I realize that renaming this project “Interaction Baltimore” three weeks ago, just as interaction was about to become one of the most feared activities on the planet, might not have been the most timely decision. But as much of the city, and much of the world, is coming to a standstill in the face of the COVID-19 pandemic, I do feel this project gives me an opportunity to shine a light on the work in our local communities that is still important in the face of a challenge like this.
My original plan for this week was to write about Strong City Baltimore‘s move to East Baltimore, and what that could mean for an underserved community. Then next week I was going to spotlight Baltimore Safe Haven‘s efforts to minimize the harm that routinely comes to some of the most marginalized people in our city. I’m shelving those stories for the moment. I’ll publish them when all of our minds aren’t focused on this global threat.
But as much as coronavirus is rightly demanding our attention, it also seems wrong to forget about the people working to make our city safer, stronger, healthier and more integrated. That work is still going on, even if it’s harder now, and I want people to know about it.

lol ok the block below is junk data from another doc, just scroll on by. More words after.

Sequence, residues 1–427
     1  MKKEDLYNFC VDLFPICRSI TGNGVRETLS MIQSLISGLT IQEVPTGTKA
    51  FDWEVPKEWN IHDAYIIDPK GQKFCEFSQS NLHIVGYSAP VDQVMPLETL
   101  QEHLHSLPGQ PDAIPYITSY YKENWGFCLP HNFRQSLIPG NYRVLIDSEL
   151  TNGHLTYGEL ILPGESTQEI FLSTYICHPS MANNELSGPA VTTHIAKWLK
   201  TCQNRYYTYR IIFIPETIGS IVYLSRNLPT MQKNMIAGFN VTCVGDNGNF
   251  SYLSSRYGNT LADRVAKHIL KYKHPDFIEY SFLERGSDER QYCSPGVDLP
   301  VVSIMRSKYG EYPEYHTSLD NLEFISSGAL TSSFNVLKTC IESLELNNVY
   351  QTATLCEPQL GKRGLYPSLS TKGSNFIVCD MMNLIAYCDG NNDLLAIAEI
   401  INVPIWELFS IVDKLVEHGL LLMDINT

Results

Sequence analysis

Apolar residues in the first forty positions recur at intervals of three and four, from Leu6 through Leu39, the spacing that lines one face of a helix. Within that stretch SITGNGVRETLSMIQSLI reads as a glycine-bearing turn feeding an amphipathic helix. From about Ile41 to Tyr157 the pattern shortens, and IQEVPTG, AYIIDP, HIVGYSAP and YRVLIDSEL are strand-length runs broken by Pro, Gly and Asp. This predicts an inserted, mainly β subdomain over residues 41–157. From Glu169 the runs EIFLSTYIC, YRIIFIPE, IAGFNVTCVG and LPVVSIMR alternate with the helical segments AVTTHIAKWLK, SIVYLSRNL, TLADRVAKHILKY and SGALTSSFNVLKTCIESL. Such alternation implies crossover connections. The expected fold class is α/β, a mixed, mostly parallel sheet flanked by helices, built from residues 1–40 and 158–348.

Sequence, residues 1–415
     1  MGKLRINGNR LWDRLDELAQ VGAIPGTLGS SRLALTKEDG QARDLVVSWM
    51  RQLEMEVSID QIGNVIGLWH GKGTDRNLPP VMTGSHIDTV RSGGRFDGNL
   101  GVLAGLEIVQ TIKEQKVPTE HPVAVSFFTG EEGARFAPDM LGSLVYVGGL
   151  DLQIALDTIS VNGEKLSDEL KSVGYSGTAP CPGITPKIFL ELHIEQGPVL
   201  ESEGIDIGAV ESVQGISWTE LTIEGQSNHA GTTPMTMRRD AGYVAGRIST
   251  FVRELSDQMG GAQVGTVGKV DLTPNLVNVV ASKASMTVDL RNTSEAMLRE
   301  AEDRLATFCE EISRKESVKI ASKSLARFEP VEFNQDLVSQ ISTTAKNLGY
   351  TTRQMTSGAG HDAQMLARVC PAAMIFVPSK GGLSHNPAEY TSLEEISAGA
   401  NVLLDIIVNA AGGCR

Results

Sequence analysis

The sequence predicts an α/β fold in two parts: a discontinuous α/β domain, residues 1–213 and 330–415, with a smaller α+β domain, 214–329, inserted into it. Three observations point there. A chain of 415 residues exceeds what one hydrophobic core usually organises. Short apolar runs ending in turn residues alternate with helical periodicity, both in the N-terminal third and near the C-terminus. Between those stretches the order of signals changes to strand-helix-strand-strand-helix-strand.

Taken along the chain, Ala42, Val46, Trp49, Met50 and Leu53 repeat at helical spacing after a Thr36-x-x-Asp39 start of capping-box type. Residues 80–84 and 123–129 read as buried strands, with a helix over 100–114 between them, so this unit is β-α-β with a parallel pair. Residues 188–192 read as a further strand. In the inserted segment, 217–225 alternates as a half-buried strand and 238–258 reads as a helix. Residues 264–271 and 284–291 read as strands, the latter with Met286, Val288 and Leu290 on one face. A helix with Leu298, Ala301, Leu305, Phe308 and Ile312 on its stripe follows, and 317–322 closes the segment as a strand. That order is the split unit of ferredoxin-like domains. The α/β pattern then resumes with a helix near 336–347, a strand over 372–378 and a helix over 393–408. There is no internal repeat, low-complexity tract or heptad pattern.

I want to see how the coronavirus threat, and the social distancing that has become necessary because of it, is affecting local communities in Baltimore. I want to know how people are dealing with it, what lessons they’re learning and what they anticipate in the weeks and months ahead. So I’m reaching out to people all over the city and asking them, How do we build community when we can’t be near each other?
This is the beginning of a series. I don’t know how long it will last. At this time, there hasn’t been a reported case of coronavirus in Baltimore City (though there have been two in the county). The conversations I’ve had so far have reflected the fact that we are in the preventative stage right now, and not dealing with a local outbreak. I don’t know where they will go from here.
Yesterday I talked to Nabeehah Azeez and Ashiah Parker at No Boundaries Coalition and Michelle Geiss at Impact Hub Baltimore. Here’s what they said…